“But you’re not an actress,” I say.
To wit she asks, “How can you be so sure?”

She says we should try role play.  She purchases items and outfits.  She diagrams scenes on oversized note cards.  She adds stick figure drawings with different poses and the golf ball heads making unusual facial expressions, their twig limbs gesturing to whatever it is the other is up to.  She rehearses each scene, saying the lines to herself, a bit thrilled and overjoyed with herself.
When it comes time to put in practice, to test the waters, she yawns wide as a lion.  “I was only joking,” she says.  Then, “You sure are gullible.”

Wednesday, November 19, 2014


…Happy Wednesday.
I feel the best I’ve felt in a long, long time.  I don’t know why, but I do.  How about you?

…The world can be a pretty messed up place.  Here are some intriguing things I found in the news that might be of interest:

-Ten officials of North Korea’s ruling Workers’ Party have been executed for charges including watching foreign soap operas, South Korea’s intelligence agency revealed Wednesday, bringing the total of senior members killed this year to 50.
The National Intelligence Service says the officials were executed by firing squad for watching South Korean soap operas, engaging in bribes, or womanizing, The Telegraph reports.
The officials killed reportedly are close to Jang Song-thaek, the uncle of North Korean ruler Kim Jong Un, who was arrested in December and executed for committing crimes against the state.

-Islamic State group extremists lined up and shot dead at least 50 tribesmen and women in Iraq's Anbar province, officials said Saturday, the latest mass killing committed by the group.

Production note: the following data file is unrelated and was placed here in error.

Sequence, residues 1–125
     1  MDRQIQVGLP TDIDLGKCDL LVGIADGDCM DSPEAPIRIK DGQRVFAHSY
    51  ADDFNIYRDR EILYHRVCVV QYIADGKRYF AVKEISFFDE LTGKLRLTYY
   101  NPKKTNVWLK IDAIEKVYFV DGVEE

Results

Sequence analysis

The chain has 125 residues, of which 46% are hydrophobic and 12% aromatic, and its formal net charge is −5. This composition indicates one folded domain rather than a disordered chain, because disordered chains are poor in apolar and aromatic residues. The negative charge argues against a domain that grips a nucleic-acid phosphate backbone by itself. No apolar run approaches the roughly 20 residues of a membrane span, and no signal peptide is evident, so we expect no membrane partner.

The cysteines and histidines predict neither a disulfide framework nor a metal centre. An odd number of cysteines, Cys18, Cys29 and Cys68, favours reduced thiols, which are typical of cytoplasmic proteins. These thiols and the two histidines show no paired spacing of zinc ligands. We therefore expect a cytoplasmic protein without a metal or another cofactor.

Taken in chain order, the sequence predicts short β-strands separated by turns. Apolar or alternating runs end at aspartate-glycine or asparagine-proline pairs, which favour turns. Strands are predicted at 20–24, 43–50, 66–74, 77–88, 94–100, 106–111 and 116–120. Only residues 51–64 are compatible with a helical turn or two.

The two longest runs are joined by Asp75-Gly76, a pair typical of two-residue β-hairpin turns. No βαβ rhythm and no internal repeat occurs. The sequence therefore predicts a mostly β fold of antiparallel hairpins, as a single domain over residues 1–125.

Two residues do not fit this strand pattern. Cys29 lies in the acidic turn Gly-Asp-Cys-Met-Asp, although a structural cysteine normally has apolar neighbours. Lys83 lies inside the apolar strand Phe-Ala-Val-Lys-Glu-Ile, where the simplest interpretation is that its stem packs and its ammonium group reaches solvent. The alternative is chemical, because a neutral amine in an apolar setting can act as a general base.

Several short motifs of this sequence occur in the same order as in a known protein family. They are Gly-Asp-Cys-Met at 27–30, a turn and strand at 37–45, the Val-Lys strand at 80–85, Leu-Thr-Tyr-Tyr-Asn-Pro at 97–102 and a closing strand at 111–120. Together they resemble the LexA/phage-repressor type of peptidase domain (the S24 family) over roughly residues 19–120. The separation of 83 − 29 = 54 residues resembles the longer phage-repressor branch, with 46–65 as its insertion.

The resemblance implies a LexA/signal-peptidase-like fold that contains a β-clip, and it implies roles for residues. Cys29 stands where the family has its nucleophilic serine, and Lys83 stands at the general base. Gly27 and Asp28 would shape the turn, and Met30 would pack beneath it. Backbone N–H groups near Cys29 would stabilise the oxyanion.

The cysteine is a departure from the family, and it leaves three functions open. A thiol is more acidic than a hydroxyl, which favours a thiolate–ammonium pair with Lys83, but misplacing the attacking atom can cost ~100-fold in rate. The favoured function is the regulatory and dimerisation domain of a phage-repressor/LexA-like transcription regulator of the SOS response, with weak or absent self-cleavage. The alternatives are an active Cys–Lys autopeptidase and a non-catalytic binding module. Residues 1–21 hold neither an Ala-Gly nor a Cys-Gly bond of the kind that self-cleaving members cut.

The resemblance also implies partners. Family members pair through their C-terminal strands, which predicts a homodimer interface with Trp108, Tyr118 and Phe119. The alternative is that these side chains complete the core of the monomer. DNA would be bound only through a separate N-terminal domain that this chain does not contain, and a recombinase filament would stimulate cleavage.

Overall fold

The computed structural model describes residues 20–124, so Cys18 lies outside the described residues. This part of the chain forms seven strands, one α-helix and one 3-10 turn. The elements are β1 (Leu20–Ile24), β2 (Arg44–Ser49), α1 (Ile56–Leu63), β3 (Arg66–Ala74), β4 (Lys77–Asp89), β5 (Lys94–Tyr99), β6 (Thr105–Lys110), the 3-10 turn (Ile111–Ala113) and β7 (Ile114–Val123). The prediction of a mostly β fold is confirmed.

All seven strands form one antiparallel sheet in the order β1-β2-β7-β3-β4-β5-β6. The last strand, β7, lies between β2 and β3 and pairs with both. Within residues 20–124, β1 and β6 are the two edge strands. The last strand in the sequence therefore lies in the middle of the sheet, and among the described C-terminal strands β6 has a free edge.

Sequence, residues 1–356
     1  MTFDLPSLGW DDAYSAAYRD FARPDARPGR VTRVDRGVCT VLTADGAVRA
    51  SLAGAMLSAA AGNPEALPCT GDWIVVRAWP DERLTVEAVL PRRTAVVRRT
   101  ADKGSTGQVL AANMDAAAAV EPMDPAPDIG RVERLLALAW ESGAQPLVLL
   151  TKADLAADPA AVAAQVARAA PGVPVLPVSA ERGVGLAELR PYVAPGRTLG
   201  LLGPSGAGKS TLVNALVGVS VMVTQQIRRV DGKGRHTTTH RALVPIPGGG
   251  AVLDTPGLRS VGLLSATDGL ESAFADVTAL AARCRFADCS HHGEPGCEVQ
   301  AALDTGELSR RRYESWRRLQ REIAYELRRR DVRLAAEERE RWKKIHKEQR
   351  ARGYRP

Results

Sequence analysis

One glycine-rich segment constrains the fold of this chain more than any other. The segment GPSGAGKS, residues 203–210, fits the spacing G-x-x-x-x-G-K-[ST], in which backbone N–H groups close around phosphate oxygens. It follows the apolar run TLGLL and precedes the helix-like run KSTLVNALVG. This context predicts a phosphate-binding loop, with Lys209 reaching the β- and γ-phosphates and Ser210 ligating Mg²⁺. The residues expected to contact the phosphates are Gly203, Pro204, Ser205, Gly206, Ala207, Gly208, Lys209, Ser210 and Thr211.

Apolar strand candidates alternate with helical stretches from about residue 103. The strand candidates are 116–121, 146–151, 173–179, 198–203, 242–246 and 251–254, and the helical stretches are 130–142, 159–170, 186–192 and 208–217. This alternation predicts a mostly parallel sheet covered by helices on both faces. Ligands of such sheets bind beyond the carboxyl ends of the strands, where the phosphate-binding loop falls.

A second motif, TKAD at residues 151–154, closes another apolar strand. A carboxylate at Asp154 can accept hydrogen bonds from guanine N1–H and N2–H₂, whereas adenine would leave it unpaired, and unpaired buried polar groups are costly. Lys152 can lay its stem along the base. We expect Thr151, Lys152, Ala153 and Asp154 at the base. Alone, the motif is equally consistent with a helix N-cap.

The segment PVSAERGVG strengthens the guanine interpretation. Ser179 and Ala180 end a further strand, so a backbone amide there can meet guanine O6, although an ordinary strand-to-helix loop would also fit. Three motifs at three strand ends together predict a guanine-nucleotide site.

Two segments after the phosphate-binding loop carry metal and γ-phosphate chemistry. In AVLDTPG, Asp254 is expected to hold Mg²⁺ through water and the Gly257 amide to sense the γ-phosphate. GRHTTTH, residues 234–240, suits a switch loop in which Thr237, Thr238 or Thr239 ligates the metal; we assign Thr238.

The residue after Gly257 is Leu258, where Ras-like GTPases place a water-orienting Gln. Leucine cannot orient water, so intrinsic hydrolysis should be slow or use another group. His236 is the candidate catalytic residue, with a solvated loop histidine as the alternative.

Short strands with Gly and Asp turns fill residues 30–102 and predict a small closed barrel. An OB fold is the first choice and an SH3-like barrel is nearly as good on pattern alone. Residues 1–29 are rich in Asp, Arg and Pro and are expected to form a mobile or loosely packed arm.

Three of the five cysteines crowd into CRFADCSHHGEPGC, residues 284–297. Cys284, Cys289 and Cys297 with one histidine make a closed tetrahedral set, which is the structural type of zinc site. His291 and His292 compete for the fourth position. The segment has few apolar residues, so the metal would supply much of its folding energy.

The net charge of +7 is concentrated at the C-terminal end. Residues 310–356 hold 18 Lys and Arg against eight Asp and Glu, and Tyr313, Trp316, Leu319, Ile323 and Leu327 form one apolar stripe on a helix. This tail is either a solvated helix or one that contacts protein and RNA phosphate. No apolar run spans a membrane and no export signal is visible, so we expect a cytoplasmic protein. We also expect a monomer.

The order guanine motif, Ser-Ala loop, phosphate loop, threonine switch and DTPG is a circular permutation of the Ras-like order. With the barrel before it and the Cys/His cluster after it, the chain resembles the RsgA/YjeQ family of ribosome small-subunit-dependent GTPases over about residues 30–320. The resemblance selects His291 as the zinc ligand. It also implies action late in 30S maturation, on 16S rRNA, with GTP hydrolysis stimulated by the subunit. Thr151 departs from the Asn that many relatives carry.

Militants accused the men and women of the Al Bu Nimr tribe of retaliating against them after being displaced from their homes when the group seized the Anbar town of Hit last month, al-Issawi said.
On Thursday, authorities found the bodies of 48 Sunni tribesmen killed by the Islamic State group in Anbar.

-A court in Cairo has sentenced eight men to three years in prison for appearing in a video allegedly taken during a gay wedding on a boat.
The video shows two men kissing and exchanging rings on a Nile boat as their friends cheer, the reported. The video became a YouTube sensation after being posted online in September.
For their alleged appearance in the clip, eight men were arrested and sentenced to three years in prison. Egypt's top prosecutor has branded the clip as 'shameful to God'.

-An Oregon mother who had a breakdown while caring for her autistic son and ailing husband allegedly threw the 6-year-old off a bridge and then called police to tell them, authorities and relatives said Tuesday.